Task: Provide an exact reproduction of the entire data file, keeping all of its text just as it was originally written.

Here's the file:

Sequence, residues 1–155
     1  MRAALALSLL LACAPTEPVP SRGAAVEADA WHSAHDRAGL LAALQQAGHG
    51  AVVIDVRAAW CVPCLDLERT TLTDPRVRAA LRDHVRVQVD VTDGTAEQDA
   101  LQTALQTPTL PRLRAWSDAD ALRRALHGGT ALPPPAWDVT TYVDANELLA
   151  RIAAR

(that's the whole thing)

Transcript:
Sequence, residues 1–155
     1  MRAALALSLL LACAPTEPVP SRGAAVEADA WHSAHDRAGL LAALQQAGHG
    51  AVVIDVRAAW CVPCLDLERT TLTDPRVRAA LRDHVRVQVD VTDGTAEQDA
   101  LQTALQTPTL PRLRAWSDAD ALRRALHGGT ALPPPAWDVT TYVDANELLA
   151  RIAAR